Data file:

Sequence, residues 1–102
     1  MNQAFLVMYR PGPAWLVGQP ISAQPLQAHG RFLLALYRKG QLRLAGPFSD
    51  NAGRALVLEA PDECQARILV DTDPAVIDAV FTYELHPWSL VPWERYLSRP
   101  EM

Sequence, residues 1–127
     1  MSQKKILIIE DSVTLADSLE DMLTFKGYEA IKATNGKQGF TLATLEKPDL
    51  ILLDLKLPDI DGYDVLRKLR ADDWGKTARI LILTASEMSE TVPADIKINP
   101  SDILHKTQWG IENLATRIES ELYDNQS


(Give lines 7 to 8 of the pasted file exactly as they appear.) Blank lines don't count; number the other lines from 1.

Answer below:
    51  ILLDLKLPDI DGYDVLRKLR ADDWGKTARI LILTASEMSE TVPADIKINP
   101  SDILHKTQWG IENLATRIES ELYDNQS